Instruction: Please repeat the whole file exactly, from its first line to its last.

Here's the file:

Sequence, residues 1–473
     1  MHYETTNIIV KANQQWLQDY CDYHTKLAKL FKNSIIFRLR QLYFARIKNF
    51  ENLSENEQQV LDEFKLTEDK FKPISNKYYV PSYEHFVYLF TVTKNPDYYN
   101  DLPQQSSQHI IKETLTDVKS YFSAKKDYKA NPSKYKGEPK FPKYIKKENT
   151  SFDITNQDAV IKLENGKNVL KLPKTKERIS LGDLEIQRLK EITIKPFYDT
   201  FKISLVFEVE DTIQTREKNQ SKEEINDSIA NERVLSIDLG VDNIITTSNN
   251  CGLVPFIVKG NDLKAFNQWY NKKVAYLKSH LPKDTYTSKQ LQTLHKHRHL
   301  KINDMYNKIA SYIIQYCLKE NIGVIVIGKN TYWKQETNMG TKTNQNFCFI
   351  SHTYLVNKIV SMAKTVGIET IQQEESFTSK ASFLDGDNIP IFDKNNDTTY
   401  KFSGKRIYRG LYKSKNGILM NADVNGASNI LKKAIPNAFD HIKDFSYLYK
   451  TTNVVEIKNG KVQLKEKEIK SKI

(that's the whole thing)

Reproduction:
Sequence, residues 1–473
     1  MHYETTNIIV KANQQWLQDY CDYHTKLAKL FKNSIIFRLR QLYFARIKNF
    51  ENLSENEQQV LDEFKLTEDK FKPISNKYYV PSYEHFVYLF TVTKNPDYYN
   101  DLPQQSSQHI IKETLTDVKS YFSAKKDYKA NPSKYKGEPK FPKYIKKENT
   151  SFDITNQDAV IKLENGKNVL KLPKTKERIS LGDLEIQRLK EITIKPFYDT
   201  FKISLVFEVE DTIQTREKNQ SKEEINDSIA NERVLSIDLG VDNIITTSNN
   251  CGLVPFIVKG NDLKAFNQWY NKKVAYLKSH LPKDTYTSKQ LQTLHKHRHL
   301  KINDMYNKIA SYIIQYCLKE NIGVIVIGKN TYWKQETNMG TKTNQNFCFI
   351  SHTYLVNKIV SMAKTVGIET IQQEESFTSK ASFLDGDNIP IFDKNNDTTY
   401  KFSGKRIYRG LYKSKNGILM NADVNGASNI LKKAIPNAFD HIKDFSYLYK
   451  TTNVVEIKNG KVQLKEKEIK SKI